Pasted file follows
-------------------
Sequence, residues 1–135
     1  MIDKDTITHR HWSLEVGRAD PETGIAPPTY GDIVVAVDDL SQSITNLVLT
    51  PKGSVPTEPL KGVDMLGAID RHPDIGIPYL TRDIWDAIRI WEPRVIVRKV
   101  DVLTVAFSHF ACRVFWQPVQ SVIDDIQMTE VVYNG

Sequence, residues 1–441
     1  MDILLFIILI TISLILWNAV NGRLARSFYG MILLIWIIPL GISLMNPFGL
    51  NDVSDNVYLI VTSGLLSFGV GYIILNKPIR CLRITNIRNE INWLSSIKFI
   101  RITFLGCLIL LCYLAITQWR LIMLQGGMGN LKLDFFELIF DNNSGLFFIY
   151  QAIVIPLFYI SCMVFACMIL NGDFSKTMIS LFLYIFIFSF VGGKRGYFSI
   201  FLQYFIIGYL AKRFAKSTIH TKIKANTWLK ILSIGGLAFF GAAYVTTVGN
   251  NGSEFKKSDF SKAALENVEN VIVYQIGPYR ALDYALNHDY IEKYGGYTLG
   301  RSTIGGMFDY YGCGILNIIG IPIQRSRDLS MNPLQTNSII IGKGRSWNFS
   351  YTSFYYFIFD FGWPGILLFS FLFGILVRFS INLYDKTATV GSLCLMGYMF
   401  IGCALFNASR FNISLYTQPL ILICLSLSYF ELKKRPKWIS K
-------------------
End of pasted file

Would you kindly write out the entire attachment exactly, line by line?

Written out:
Sequence, residues 1–135
     1  MIDKDTITHR HWSLEVGRAD PETGIAPPTY GDIVVAVDDL SQSITNLVLT
    51  PKGSVPTEPL KGVDMLGAID RHPDIGIPYL TRDIWDAIRI WEPRVIVRKV
   101  DVLTVAFSHF ACRVFWQPVQ SVIDDIQMTE VVYNG

Sequence, residues 1–441
     1  MDILLFIILI TISLILWNAV NGRLARSFYG MILLIWIIPL GISLMNPFGL
    51  NDVSDNVYLI VTSGLLSFGV GYIILNKPIR CLRITNIRNE INWLSSIKFI
   101  RITFLGCLIL LCYLAITQWR LIMLQGGMGN LKLDFFELIF DNNSGLFFIY
   151  QAIVIPLFYI SCMVFACMIL NGDFSKTMIS LFLYIFIFSF VGGKRGYFSI
   201  FLQYFIIGYL AKRFAKSTIH TKIKANTWLK ILSIGGLAFF GAAYVTTVGN
   251  NGSEFKKSDF SKAALENVEN VIVYQIGPYR ALDYALNHDY IEKYGGYTLG
   301  RSTIGGMFDY YGCGILNIIG IPIQRSRDLS MNPLQTNSII IGKGRSWNFS
   351  YTSFYYFIFD FGWPGILLFS FLFGILVRFS INLYDKTATV GSLCLMGYMF
   401  IGCALFNASR FNISLYTQPL ILICLSLSYF ELKKRPKWIS K